With my fresh mini herb garden pots going wild, I’ve been looking for ways to use the abundance of mint threatening to take over the deck. The Good Earth restaurant makes a fabulous tabbouleh, and after ordering it recently, I thought it looked easy enough to duplicate at home. I tried Ina Garten’s recipe found on foodnetwork.com, and I liked her process, but found the recipe had too little bulghur in ratio to the herbs and tomatoes, too much pepper, waaaaaaay too much salt (even with using only 2 1/2 teaspoons table salt instead of the kosher salt she recommended*), and far too many scallions. Then I looked at Ellie Krieger’s recipe, and ended up using my own amounts based on the two recipes. Ina puts the dressing into the bulghur wheat while it’s soaking, and Ellie pours in on after the fact. I tried it Ina’s way, and it seemed to have great flavor, with my adjustments to amounts below. I’m sure it would work fine to add the dressing after soaking the wheat, too.
I know this traditional Lebanese dish usually has more herbs and less bulghur than you see here, but we preferred a little more of the ancient grain to temper all the mint and parsley. And my son Justin said that 1 cup mint was over-the-top, and I needed to back off a bit. I liked it, but I love mint so much I want to marry it, so take that into consideration.
This is a versatile dish. It can be served as an appetizer along with toasted pita triangles and spicy hummus, and some sliced cucumbers, tomatoes, and Kalamata olives. Or it can be a salad or side to a meal. Shred or cube some grilled chicken into the bowl, and it’s a meal. The ease of the dish, plus the fresh herbs, make it perfect for warm weather, no matter which part it plays in your meal.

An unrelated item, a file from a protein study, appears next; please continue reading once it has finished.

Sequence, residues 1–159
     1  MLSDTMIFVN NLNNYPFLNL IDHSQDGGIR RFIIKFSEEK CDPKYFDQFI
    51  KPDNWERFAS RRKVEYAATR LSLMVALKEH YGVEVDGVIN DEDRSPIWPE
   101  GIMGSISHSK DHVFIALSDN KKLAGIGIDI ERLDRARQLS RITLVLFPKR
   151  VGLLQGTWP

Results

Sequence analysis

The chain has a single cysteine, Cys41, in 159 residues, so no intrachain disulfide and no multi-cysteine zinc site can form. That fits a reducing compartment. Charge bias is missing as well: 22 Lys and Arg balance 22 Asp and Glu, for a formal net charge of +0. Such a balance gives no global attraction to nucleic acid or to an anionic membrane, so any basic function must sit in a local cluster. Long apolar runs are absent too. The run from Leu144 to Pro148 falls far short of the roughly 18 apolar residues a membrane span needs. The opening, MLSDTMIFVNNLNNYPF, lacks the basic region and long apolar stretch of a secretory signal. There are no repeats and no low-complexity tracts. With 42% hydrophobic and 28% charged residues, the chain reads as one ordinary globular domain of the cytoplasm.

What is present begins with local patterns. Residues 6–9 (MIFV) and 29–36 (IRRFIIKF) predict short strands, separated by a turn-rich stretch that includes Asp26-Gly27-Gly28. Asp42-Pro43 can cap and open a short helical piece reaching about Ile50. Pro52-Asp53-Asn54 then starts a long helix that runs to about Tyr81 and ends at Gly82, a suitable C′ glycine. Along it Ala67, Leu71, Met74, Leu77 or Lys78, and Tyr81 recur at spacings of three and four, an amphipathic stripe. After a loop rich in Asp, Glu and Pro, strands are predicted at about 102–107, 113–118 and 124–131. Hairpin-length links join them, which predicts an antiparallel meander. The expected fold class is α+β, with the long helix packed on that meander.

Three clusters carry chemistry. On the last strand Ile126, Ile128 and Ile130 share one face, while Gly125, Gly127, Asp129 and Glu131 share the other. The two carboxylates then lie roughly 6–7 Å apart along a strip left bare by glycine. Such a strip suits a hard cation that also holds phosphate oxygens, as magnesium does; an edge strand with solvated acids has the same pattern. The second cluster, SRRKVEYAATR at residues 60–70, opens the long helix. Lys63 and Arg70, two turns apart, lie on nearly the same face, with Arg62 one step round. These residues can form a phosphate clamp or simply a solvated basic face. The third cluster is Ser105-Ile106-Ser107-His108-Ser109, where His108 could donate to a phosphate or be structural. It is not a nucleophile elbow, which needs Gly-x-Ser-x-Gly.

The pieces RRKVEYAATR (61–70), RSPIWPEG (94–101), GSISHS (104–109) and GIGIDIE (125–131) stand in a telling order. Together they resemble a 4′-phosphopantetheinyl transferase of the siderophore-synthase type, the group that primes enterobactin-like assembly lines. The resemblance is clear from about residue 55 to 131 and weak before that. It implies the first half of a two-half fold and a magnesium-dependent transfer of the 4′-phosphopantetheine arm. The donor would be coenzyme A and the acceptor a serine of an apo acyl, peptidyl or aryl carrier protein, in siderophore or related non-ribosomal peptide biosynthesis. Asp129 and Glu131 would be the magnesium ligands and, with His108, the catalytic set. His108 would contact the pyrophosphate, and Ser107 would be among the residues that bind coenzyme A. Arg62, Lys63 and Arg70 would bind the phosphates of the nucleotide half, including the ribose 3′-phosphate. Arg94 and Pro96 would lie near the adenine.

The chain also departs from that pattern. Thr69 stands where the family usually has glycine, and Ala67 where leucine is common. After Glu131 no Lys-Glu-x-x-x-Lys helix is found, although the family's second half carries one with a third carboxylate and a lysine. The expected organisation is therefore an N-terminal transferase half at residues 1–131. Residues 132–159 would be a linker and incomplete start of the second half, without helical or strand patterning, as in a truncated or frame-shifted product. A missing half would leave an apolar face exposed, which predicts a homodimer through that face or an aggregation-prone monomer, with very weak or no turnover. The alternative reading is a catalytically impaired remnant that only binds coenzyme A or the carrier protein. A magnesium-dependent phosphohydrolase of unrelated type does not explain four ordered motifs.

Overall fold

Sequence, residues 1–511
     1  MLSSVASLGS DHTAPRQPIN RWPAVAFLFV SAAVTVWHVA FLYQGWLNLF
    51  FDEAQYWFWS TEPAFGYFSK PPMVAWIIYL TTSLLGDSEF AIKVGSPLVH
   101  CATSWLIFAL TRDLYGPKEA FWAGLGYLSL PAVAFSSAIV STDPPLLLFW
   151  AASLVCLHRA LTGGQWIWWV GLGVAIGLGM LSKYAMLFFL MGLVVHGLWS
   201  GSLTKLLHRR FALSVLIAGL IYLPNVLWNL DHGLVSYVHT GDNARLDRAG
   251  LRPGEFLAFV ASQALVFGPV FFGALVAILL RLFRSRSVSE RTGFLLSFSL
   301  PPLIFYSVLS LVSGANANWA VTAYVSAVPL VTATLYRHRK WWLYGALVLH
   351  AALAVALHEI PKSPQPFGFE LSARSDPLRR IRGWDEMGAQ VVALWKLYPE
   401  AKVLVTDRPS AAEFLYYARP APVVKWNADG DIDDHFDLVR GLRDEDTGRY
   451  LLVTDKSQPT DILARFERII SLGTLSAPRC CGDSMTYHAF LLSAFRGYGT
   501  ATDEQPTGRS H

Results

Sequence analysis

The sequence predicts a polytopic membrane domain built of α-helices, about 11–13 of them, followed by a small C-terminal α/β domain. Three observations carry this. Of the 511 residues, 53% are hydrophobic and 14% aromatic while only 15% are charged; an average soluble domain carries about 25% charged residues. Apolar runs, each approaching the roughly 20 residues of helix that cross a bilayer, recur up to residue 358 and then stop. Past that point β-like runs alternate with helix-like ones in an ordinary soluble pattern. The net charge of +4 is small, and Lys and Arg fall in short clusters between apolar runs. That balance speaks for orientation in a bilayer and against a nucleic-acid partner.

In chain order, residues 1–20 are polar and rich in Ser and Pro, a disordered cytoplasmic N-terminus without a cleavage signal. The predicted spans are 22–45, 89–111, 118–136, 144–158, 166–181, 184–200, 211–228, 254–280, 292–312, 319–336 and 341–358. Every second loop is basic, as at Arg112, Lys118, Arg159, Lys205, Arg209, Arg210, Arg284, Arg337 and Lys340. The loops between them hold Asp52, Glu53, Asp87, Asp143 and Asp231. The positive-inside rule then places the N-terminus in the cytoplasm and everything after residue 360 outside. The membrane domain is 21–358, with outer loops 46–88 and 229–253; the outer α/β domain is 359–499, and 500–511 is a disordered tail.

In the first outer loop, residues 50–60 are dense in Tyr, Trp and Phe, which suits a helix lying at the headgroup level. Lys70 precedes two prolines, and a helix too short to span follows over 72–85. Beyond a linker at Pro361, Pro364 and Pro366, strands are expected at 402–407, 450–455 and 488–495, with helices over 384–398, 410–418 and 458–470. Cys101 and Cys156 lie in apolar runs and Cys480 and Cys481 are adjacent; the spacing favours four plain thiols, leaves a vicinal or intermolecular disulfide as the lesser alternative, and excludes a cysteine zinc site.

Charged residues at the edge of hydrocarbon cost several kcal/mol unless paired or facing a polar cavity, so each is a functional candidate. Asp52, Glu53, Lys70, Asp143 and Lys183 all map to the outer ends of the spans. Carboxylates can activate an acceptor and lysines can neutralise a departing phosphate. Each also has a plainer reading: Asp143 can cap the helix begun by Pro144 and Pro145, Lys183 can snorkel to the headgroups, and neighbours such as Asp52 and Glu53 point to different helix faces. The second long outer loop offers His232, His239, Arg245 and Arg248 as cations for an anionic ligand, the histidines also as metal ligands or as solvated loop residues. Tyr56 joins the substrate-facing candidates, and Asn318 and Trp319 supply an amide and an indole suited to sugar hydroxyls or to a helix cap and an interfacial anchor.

*NOTE: I did some research on kosher salt/sea salt/table salt, and found that you need more kosher or sea salt than table salt if substituting one for the other in a recipe. See this handy conversion chart for your own reference.
1 1/2 cups bulghur wheat
2 1/4 cups boiling water
1/4 cup freshly squeezed lemon juice (2 lemons)
1/4 cup good olive oil
1 teaspoon lemon zest
1 teaspoon salt
1/2–1 cup chopped fresh mint leaves (1 bunch)
1 cup chopped flat-leaf parsley (1 bunch)
1 hothouse cucumber, unpeeled, seeded, and medium-diced
2 cups cherry tomatoes, cut in half
2–3 tablespoons mined red onion
2–3 tablespoons chopped fresh chives
1/2 teaspoon freshly ground black pepper
Place the bulghur in a large bowl, pour in the boiling water, and add the lemon juice, olive oil, salt and lemon zest. Stir, then allow to stand at room temperature for about 1 hour. (You can also just pour the boiling water over the bulghur, and add the dressing ingredients later.)
Add the mint, parsley, cucumber, tomatoes, red onion, chives, and the pepper; mix well. Season with salt, if necessary; cover and refrigerate. Flavor improves if the tabbouleh is made a few hours ahead of serving time.